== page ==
Sunday, September 10, 2006

Lomo Compact Automat, Niet Automat

When two Austrians picked up a piece of Soviet-era junk and decided they would bring it to the information-age masses of the capitalist world, they started a revolution that has become a legend. It took Vladimir Putin (ex-chief of KGB and Russia's current top dog) himself to ok the Austrian duo's plan to export his hometown's secret weapon, the Lomo Compact Automat, and the rest is history. The little black camera has since sold around the world and reached cult-status with such VIP users as Yasser Arafat (ex-user actually) and His Holiness the Dalai Lamai.

Lomo is now almost a synonym for the analog movement in its entirety and the dirty little secret is that most of it has nothing to do with the camera. Lomo users cross-process their film, which is what gives the wild colors and killer contrast. To cross-process is to use slide film and ask your lab to develop it as regular negative color film--basically use the wrong chemicals (see the Holga post). The final touch comes from the Lomo being a pretty bad camera. The dark corners it produces are from poor lens design. As for the under and over-exposures, they're from sub-par metering (the camera's ability to judge how to best capture the scene you're photographing). Normally these are considered inexcusable flaws which lens and camera makers spend millions of dollars in R&D to reduce to a minimum. But the genius behind the Lomo is to make their deffects selling points by turning them into the shortest path to developing a style of photography that doesn't look like everybody else's. The LCA can be found at for USD 200 (B16,000). Another option is the Olympus XA series cameras, reputed similar to the Lomo. Those start at 20 USD (B800) on and occasionaly pop up at the antique camera dealers at Pirom Plaza (Mahachai Rd., across Merry King and next to Grande Ville Hotel, map).

Tested at Benjakitti Park (Th. Radchadaphisek, MRT Queen Sirikit Convention Center, BTS Asok) with Fuji Provia 100F 35mm film.

TIP: For cross-processing, make sure you buy Fuji Provia film and go to a smart lab that understands, "Can you please cross-process this?" We went straight to the pros with our batch--IQ Lab

Now here's the unspeakable truth.

Half the pictures on the roll are completely dark. 4 shots are properly exposed (I mean within like a couple stops of latitude) and the rest really needed a lot of help during scanning (way too dark or bright). No shots were completely burnt out. I know that cross-processing + slide film (naturally contrasty) doesn't leave a lot of latitude when shooting but this is just ridiculous. If the cell on the Lomo Kompact Automat is that useless, it might as well not be there. The Holga, with its rudimentary sun/shade settings proves proves much more useable with a near 100% useability rate on the two rolls I shot with it. I'll have to ask Analog Memory what I'm doing wrong or if I should just take a beneath 50% success rate as part of the Lomo Experience.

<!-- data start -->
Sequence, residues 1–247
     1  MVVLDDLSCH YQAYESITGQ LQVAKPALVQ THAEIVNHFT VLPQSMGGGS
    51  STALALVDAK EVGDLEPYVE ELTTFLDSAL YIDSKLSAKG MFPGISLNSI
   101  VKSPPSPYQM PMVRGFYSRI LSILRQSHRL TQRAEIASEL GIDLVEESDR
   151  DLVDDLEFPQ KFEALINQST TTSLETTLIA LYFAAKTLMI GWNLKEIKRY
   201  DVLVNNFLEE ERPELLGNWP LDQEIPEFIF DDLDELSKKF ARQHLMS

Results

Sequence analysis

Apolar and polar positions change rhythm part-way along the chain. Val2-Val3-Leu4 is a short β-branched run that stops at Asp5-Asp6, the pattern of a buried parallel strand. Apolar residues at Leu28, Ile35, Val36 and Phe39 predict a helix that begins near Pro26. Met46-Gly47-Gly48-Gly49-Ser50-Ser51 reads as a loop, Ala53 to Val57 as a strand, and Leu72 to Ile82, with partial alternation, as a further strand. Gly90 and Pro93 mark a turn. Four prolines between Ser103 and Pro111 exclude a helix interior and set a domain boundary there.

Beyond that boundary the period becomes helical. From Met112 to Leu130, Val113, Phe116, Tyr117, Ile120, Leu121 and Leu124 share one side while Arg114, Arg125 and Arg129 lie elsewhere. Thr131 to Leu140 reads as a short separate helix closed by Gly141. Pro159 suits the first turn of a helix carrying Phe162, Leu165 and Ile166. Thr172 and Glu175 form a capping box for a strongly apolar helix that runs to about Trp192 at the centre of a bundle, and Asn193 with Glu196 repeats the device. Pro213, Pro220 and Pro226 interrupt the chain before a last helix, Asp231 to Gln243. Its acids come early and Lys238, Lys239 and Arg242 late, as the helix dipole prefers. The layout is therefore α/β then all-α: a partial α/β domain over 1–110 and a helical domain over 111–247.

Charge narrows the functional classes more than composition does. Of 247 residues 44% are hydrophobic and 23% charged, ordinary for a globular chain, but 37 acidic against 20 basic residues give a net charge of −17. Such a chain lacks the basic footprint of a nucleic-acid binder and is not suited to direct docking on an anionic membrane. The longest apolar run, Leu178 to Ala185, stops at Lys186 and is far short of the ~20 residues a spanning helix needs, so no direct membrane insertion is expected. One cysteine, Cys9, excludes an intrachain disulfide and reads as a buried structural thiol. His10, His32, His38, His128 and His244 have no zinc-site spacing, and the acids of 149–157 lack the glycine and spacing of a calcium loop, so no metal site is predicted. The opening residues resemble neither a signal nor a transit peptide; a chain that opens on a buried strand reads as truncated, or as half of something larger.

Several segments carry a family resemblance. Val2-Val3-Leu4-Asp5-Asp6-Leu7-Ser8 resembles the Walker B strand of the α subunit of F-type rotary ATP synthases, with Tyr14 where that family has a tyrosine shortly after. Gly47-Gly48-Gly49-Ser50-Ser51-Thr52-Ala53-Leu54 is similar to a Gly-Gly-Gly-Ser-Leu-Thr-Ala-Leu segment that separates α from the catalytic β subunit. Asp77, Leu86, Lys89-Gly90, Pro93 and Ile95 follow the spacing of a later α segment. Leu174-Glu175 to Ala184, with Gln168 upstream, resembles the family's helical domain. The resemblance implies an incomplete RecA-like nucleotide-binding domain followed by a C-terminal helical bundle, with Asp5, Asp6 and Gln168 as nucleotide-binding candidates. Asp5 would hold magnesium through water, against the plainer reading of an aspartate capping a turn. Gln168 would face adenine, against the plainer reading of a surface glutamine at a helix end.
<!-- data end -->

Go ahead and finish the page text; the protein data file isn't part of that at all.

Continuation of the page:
Still, and like the Holga, I really like some of these shots. The thing with 35mm film is that it's easy to find places that sell it, process it, and put it on CD. 35mm is also cheaper than medium format per picture but if you consider the price in relation to surface of celluloid, medium format is not more expensive. I'm very interested in the Olympus XA which actually has rangefinder focus! Some people consider it a worthy alternative to the Lomo LCA. Ken Rockwell reviewed it here and thinks it's an excellent camera. Not too excellent, I hope.

Great! I always shot Fuji Velvia 50 slide film in them.

I preferred the XA2. It's meter was more consistent and had a clearer center weighted pattern. I preferred the full program automation. The XA's meter had a weird sensitivity pattern which extended beyond the image.

The meters are traditional and non-evaluative. You must use use the Zone System and compensate for light and dark subjects. I set the ISO lower to increase exposure and higher to reduce it.

The XA adds a +1.5 stop backlight position.


Both lenses are sharp. The XA has a very complex lens design allowing it to fit in the camera without needing to retract or extend, and as a result of this design has some barrel distortion and light falloff at all apertures.
So I went on PBase to see real-life shots (here) taken with XA but I don't see any vignetting, unfortunately. I really liked what people were doing with it though. It kind of upholds my theory that some cameras have a little magic in them.


Anonymous Mathieu said...

There is definitely something about the feel of these images, almost a texture.

Perhaps one should create a Photoshop action to apply a uniform degradation of some kind to one's perfectly metered and rendered shots, to create one's look.

Ideally, these degradations would not be a copy of what a Lomo or Holga does, but something new...

4:39 PM  

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